trapped on the wire stick to one another to form the paper web. From the wire, the newly
formed sheet is transferred onto a cloth belt (or felt) in the press section, where rollers
squeeze out much of the remaining water.
After leaving the press section, the sheet reaches the drying cylinders. These are large
hollow cylinders, heated internally, which dry the paper as it passes over them. The sheet
will be wound up and down over many cylinders in the drying process. Between dryer
sections, label paper is coated with starch additives to improve the surface smoothness.
China clay will normally be added to increase the brightness of the paper.
Following another round of drying, the paper sheet is passed through a series of polished,
close-stacked metal rollers known as a calendar where it is pressed smooth.

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Finally, the sheet is collected on a take-up roll and removed from the paper machine.

Paper additives:
Binders: Starches that improve the strength or flexibility of the paper.
Sizing agents: Resins that coat the paper and control the absorption of moisture.
Pigments: China clay increases the brightness of the paper.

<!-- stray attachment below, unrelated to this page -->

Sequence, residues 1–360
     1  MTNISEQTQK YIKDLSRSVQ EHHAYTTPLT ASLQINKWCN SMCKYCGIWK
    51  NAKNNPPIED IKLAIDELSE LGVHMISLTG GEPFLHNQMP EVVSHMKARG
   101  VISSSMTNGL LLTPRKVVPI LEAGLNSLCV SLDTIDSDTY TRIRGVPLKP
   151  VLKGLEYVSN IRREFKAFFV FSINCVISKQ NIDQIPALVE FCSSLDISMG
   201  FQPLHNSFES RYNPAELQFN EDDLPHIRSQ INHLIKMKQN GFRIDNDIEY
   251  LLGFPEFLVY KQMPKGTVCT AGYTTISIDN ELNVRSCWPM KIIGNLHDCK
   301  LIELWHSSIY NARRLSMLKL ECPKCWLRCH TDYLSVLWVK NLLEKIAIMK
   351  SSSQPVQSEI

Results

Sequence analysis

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Metallised paper
Often labels are printed on an embossed metallised paper which gives the product an
attractive image. The process of manufacture is the same as for coated papers, until the
metallisation stage.
The coated side of the paper is given a final very smooth
coating and covered with a primer lacquer, and dried to
eliminate 99% of the moisture. It then passes on a roller
through 2 vacuum chambers where pure aluminium wire is
vaporised at 250C. The paper passes over a chilled roller
where the aluminium vapour condenses, depositing an ultra
thin layer of metal onto the paper.

The paper is rolled up with the aluminium coating on the


inside to reduce oxidation of the coating. The paper then
receives a second primer coating sealing the aluminium
layer. This preserves the metallic shine and gives a more
receptive surface for printing. To prevent shrinkage during
printing and subsequent labelling, the paper is remoistened.
Before printing the metallised paper must be embossed.

Aluminium foil labels


Foils are manufactured from soft annealed aluminium, which is rolled to a thickness of
0.012mm, usually with an embossed or stamped worm grain pattern which makes it more
pliable and easily mouldable to the bottle neck contours. Neck foils give a prestige image
to a product, and can be overprinted with logos and designs.
Foil neck labels are applied in much the same way as conventional paper labels, that is,